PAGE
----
Last week I attended the Arm Research Summit, and on Tuesday there was a panel session on using Arm hardware for performance, an effort known as GoingArm. You can watch the whole panel on youtube, from 2:12 onward (~1h30). All videos are available on the website.
It was interesting to hear the opinions of people in the front lines or ARM HPC, as much as the types of questions that came, which made me believe even more strongly that now is the time to re-think about general computing in general. For a long time we have been coasting on the fact that cranking up the power and squeezing down the components were making the lives of programmers easier. Scaling up to multiple cores was probably the only big change most people had to deal with, and even so, not many people can actually take real advantages of it.
Even in the HPC world we seem to be stuck between MPI and OpenMP, still relying on faster interconnects and memory access to boost performance. On the other end of the scale, people still seem to mostly be stuck in shared memory land, but also relying on better memory or faster cores. And while there are a good amount of research on FPGAs, accelerators and GPU compute, only the most market-friendly (CUDA) ends up on the Top500 clusters.
But the exascale effort is so challenging that none of the traditional methods used in the past decades will be enough. We have to innovate from CPU design to air conditioning systems, from memory design to new software methods.
The most interesting take away from that panel, for me, is that nothing we have today will be able to measure which machines will be exascale, because the benchmarks we use today have no meaning in this new world.
As Eric puts it, HPC is the Formula1 of computing, where technology trickles down into general purpose. For the next 10 years, I hope, there will be a lot of new ideas that, even if they don’t stick in HPC, they’ll be useful on more power-aware hardware such as mobile and robotics.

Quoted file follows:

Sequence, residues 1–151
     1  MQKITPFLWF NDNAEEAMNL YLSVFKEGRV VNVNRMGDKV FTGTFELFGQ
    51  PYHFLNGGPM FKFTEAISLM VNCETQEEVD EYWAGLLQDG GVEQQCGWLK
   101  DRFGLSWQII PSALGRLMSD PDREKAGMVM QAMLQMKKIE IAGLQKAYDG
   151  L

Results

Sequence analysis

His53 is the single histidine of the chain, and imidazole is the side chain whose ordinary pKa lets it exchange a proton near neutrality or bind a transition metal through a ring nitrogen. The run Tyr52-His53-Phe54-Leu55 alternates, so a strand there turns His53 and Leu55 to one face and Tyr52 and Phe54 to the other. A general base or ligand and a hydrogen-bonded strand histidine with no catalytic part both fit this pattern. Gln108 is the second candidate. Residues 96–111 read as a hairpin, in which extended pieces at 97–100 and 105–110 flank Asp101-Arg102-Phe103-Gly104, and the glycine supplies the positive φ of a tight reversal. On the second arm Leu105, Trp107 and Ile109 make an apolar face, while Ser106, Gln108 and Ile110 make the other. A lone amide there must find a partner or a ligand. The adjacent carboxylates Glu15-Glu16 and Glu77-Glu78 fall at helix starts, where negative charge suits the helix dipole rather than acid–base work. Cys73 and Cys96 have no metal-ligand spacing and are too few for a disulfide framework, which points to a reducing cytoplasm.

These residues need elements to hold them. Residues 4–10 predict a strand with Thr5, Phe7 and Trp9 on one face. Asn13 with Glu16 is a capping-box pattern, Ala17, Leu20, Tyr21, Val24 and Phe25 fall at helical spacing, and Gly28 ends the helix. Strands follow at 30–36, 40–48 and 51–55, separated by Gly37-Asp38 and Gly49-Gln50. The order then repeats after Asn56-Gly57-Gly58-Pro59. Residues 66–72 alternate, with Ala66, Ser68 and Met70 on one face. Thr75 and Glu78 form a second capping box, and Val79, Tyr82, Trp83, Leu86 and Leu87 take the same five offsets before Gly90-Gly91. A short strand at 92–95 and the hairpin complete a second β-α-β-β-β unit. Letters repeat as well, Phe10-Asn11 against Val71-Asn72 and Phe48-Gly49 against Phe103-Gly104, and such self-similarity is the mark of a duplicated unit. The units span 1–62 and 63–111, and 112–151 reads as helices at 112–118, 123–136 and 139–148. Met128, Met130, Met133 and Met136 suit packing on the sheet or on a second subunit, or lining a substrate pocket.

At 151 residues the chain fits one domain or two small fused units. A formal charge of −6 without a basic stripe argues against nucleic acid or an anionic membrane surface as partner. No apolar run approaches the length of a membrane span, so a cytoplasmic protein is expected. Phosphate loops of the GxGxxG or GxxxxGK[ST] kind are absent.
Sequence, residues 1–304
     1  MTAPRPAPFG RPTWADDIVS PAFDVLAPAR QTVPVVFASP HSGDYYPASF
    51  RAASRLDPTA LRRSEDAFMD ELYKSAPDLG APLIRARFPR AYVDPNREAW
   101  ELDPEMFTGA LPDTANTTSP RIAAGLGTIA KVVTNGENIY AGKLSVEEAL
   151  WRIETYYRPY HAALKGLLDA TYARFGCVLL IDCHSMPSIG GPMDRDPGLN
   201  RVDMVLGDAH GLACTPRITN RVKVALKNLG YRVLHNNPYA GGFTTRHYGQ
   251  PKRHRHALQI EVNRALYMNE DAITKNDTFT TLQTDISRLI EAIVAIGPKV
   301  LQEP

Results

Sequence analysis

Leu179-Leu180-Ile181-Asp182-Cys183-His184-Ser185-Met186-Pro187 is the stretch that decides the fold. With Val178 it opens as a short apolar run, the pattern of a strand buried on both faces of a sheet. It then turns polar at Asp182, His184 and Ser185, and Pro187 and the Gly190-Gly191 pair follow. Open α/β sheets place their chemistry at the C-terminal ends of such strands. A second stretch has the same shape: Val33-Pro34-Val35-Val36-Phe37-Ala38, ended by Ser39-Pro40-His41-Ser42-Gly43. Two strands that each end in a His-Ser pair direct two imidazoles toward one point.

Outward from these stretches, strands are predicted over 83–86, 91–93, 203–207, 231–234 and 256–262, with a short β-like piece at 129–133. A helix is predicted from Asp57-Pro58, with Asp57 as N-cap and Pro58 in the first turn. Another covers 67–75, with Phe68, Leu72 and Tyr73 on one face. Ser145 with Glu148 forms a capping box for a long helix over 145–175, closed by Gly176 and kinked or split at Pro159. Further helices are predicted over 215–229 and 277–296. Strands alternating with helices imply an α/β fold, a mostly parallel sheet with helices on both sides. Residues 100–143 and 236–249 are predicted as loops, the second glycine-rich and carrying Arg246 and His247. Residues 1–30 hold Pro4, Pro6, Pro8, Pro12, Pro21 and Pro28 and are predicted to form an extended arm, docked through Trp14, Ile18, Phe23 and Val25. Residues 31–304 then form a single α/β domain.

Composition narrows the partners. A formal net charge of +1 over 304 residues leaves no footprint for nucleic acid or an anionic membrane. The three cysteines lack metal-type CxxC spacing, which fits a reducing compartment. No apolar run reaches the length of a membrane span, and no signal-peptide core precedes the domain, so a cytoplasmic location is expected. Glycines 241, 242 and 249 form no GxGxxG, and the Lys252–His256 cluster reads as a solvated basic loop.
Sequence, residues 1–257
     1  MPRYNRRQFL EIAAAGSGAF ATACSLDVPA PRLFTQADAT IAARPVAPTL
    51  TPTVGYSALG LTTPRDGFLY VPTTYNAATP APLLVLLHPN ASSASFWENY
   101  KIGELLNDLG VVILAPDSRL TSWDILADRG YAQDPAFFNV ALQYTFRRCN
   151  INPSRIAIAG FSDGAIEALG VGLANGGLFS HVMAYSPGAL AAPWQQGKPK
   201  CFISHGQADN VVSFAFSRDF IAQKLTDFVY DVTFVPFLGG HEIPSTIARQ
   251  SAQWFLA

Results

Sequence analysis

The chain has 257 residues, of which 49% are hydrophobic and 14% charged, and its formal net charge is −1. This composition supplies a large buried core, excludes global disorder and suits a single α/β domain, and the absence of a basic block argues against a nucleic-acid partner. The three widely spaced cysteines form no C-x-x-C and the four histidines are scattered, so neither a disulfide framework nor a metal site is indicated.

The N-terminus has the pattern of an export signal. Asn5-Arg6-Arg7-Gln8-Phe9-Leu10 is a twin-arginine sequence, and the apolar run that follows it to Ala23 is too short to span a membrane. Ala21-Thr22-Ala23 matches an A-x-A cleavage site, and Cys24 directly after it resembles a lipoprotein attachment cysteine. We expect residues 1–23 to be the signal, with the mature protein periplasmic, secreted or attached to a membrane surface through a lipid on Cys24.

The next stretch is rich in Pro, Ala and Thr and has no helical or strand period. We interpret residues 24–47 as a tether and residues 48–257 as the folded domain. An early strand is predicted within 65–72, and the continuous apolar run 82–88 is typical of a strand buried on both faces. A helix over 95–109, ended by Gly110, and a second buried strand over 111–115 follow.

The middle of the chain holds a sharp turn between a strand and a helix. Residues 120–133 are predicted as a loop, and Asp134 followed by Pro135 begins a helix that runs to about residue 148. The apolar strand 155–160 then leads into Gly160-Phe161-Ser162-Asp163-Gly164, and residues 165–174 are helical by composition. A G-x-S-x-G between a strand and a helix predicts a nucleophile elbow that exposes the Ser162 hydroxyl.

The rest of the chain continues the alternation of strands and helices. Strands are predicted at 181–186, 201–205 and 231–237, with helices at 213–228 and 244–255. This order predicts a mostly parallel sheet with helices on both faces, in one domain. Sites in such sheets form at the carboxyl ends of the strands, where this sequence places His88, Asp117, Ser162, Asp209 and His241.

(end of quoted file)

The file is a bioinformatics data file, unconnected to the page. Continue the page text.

I have no idea what those technologies will be, but I’m excited to be part of it.
Now, my summary of the panel. It’s a long post, but it covers all that was said. You may want to skip a few questions… however, if you do, I recommend you read at least the two last ones.
From left to right:
- Eric Van Hensbergen (ARM)
- Jon Masters (RedHat)
- Mitsuhisa Sato (RIKEN)
- Shinji Sumimoto (Fujitsu)
- Kevin Pedretti (Sandia National Lab)
- Scott Hara (Qualcomm)
Q. Moore’s Law vs. Exascale
Both Scott and Kevin argue that not much will change, that the advances will continue to happen. Sato adds that exascale will come before Moore’s law ends, but the costs are getting higher. Eric compares exascale with petascale times, when we were asking the same questions, but at that time, Moore’s law was still kicking.
Sumimoto argues that it really depends on which problem we’re trying to solve, that hardware depends on software to be efficient, to which Jon agrees wholeheartedly. Jon reminds us that developers have been very lazy for a long time, but the free lunch is over.
At this moment I interjected and argued that we never had free lunch in the first place. The costs of developing meaningful architectures was higher than just cranking up the frequency, but that doing so has created a number of problems we have in hardware today, from the design of gates to how primitive our distributed algorithms are.
Eric adds that we have also hit the memory limit, where adding more flops won’t make a difference if you can’t move the data fast enough. Kevin agrees, but also remember that we’re still seeing improvements, so it’s not all doom and gloom.
Even though we still may just get to exascale by just cranking up the power a bit more, luckily, every one agreed that it is best to avoid that narrow minded approach and focus on the real problems.
Q. Omnipath as a game changer
In Kevin’s experience, Intel’s Omnipath interconnect is not that big a deal. We had similar technologies in the past and none of them were a big deal either.